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Blue Dog Dems Want to Reform the Health Care System Without Reforming the Health Care System

Really, they should quit whining already and get behind true reform.
 
 
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As you may know by now, 40 members of the Blue Dog Caucus sent out a letter vowing to withhold their support for health care reform without what they call "significant changes." What's interesting about the letter is how insignificant the changes actually are. Among other things, they want:

• a deficit-neutral policy, which is what every single proposal for this bill has included;
• aggressive solutions to bending the cost curve, which also is a goal of pretty much everyone;
• protecting small businesses, which every iteration of the plan has, including the employer mandate proposals that exempt certain small businesses and make them eligible for purchasing health care through the insurance exchange;
• rural health equity, a pretty small point;
• a public option that doesn't use Medicare bargaining rates, which isn't different from what, for example, Chuck Schumer has called for, although I find that to be a toothless public option, which I'll explain later;
• time to read the bill, which I support;
• bipartisanship, which is the most ridiculous of these demands, but which actually does exist in the bill on the Senate side, where dozens of Republican amendments have been included in the HELP Committee markup.

So what's the problem here? Well, dig a bit deeper and you'll see. In short, the Blue Dogs want to reform the health care system without implementing things that would reform the health care system. They want to bend the cost curve and find savings from within the current system, yet they also want "rural health equity," which actually means spending more on rural health. That would INCREASE costs. Similarly, a separate letter signed by many Blue Dogs ask Henry Waxman to cancel plans to reinstate price controls on prescription drugs to help seniors. The entire point of Waxman's proposal is to plow savings from the current exorbitant prices paid to drug-makers back into the system. And finally, there's the matter of the public option. Here's the language in the letter:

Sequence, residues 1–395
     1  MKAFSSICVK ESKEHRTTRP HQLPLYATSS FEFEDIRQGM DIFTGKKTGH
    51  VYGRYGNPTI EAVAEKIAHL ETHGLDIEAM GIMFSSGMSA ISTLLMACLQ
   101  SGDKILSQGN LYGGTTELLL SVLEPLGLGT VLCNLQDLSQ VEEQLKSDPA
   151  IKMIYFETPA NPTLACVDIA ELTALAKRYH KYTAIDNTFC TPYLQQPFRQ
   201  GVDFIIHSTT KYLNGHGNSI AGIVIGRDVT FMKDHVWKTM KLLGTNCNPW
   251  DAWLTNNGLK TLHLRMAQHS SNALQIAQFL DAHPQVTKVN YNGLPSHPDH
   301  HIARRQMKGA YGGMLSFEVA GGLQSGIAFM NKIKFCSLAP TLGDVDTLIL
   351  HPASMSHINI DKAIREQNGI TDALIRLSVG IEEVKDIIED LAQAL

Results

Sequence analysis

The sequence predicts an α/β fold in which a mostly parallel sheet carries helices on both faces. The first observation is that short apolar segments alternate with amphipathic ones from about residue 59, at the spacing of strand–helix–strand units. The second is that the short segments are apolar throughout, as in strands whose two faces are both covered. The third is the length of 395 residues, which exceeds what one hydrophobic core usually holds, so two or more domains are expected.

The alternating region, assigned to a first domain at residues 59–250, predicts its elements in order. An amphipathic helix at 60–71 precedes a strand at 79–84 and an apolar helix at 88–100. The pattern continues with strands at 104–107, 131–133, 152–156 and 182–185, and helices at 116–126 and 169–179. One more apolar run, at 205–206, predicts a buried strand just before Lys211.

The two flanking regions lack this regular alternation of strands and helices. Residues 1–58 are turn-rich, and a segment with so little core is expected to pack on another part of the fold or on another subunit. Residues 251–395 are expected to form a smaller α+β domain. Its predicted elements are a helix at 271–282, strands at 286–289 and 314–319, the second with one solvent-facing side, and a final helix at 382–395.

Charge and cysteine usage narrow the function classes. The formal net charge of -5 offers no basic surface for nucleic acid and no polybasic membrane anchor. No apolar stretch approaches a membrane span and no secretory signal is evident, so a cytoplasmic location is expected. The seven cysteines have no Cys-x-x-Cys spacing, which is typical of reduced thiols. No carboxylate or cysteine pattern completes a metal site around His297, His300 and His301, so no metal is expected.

We also wish to reiterate our support for the recommendations previously made by our coalition regarding how to appropriately structure a public option. In order to establish a level playing field, providers must be fairly reimbursed at negotiated rates and their participation must be voluntary. A "Medicare-like" public option would negatively impact hospitals, doctors and patients. Medicare reimbursement is on the average 20 to 30 percent lower than private plans and this inequity is even greater in some parts of the country. Using Medicare's below-market rates would seriously weaken the financial stability of our local hospitals and doctors.

 

So, they don't want a public option using Medicare reimbursement rates because they're 20-30% lower than private plans. Which means they want to spend 20-30% MORE on provider rates, while... controlling costs, somehow. The entire point of a public option would be to lower overall costs to individuals and government; a plan on a "level playing field" is just another non-profit with little leverage to change the overall dynamic. The Blue Dogs are just being incoherent.

 

You don’t save money by magic. You save money by spending less money. You can do that by just letting a large and growing number of people go without adequate health care. Or else you can do that by spending less money on overpayments, inefficient processes, and unnecessary treatments. But you can’t do that without taking a bite out of someone’s bottom line. The Blue Dogs seem to be looking for a free lunch, or else just grasping at straws for reasons to object to the bill.

 

I think it's the latter. Like with the effort in 1993, the Blue Dogs are inventing reasons to resist a health care overhaul.

It's obvious from the contradictions in their argument.

 

 

But lurking behind all of these complaints, according to several sources I consulted Thursday evening, is a general wariness of taking a political plunge on health care. Like their counterparts in the Senate, House members don't like taking hard votes. Raising taxes, cutting spending, anything that takes money ouf of people's pockets--these are not things they want to do, even in the service of a greater, more popular cause.

And now they're getting nervous. They're seeing the president's popularity dipping, however incrementally. They're watching the Senate chase its tail over the same controversies. And having just taken what were--for many of them--similarly tough votes on an energy bill, they're not exactly thrilled about "walking the plank" again.

 

Digby is the proprietor of Hullabaloo.
 
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